Another Thai bride May arrived in Hong Kong by marriage at the age of 29. Being a total stranger here, she shared her parents-in-law’s accommodation in a public housing estate. Because of her different background and personal habits, she did not go along with the in-laws. She sulked every day. She even developed a hatred for Hong Kong and the people here. In these adverse circumstances, she was lucky to have the support of a loving husband, on which she struggled to survive. When their second daughter was born, the doctor suspected that she might be blind, which came as a great blow on May and her husband. The whole family even emigrated to Thailand. Later, in order to enable her daughter to receive better medical benefits, the family moved back here.

      Survivors of so many disasters as they were, the couple did not give up on life. For the sake of their daughter, they coped with life even in a more positive way, in an attempt to provide their daughter with the best things and solve their problems one by one. May’s husband decided to take early retirement to have more time for family. May and her family also moved out of her in-laws’ flat and settled in their own place, which lightened the burden on May’s emotions a lot. She lived happier than before. It was quite out of May’s expectations that her daughter’s disability, which was a tragedy at the beginning, stirred up her determination to live better. As a result, she lived more positively, keeping herself busy with activities related to religious organisations and social affairs; gradually, her social circle expanded and she became more cheerful. She started to like Hong Kong and the people here. That someone who had been cheering her up and supporting her by her side was her kind and gentle husband.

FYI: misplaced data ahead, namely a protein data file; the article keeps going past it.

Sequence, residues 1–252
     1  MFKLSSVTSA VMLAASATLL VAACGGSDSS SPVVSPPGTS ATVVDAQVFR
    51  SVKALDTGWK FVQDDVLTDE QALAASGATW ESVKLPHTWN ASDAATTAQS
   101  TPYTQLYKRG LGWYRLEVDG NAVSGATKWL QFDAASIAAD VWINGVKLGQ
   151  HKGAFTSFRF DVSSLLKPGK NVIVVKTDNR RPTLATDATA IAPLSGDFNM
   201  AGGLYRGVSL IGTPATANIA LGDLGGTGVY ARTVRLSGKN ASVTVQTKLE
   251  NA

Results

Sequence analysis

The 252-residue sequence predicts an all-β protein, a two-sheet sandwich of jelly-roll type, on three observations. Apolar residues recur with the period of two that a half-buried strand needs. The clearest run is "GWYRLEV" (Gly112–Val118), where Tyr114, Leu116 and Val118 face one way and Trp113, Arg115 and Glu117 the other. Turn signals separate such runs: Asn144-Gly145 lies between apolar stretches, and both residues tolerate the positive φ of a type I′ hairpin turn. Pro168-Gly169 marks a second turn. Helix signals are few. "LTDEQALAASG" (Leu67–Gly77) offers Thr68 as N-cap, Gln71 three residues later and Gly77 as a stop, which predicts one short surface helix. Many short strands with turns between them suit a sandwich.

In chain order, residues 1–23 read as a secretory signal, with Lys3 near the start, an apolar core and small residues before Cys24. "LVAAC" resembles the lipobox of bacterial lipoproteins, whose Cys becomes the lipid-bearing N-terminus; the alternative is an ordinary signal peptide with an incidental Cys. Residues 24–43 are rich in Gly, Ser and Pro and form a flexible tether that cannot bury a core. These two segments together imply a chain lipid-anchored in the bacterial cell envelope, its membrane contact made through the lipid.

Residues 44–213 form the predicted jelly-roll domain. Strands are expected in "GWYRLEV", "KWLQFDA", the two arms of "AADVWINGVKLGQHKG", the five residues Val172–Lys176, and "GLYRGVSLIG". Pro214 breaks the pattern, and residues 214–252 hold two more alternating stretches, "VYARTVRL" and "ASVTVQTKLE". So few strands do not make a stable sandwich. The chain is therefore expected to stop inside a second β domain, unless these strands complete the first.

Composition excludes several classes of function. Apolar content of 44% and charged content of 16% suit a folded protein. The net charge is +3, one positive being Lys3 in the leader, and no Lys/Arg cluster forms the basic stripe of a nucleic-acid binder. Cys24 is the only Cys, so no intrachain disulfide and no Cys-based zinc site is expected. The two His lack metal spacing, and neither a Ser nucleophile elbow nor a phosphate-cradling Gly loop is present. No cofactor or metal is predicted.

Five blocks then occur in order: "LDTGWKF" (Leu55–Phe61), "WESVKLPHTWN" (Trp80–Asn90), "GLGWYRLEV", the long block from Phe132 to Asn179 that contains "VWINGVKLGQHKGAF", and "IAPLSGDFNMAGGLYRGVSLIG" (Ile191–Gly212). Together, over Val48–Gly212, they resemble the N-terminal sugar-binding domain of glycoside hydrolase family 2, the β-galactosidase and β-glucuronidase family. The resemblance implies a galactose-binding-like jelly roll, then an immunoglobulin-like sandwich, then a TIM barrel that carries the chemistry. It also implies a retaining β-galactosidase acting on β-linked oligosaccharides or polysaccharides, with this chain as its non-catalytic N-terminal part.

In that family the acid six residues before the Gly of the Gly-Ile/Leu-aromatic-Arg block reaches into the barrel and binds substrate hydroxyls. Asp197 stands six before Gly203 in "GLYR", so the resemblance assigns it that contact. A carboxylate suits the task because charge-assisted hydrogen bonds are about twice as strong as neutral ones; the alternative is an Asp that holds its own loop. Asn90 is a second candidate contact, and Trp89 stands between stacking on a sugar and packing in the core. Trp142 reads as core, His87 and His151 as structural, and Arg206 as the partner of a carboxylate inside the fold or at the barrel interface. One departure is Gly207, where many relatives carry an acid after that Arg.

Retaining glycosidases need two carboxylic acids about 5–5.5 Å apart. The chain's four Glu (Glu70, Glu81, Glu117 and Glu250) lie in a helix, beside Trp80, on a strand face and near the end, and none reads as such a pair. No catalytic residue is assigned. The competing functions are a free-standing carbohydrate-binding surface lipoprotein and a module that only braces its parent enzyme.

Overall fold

Now the three daughters have grown up. Everyone in the family cares about each other, talks to each other about their feelings, and sings together. This family, which has been built in Hong Kong, has become the most important thing in May’s life.

      25/08/2017
    • I think, so I'm here

      I think, so I'm here

      By mastering Cantonese since his childhood, WEI Ching-duck, a Nepalese boy, has made his integration into Hong Kong much easier and he has also completed all secondary science programmes with good grades. However, he has not grown complacent. WEI Ching-duck likes to ponder over the logic of life and hence study of Philosophy. He has also joined the debate team in university to enhance his skills in critical thinking and exposition. Moreover, he plans to become a civil servant or a politician in the future with a single motive behind, that is, he wants to encourage more adolescents with ethnic minority backgrounds to strive for better development in Hong Kong through his personal experience.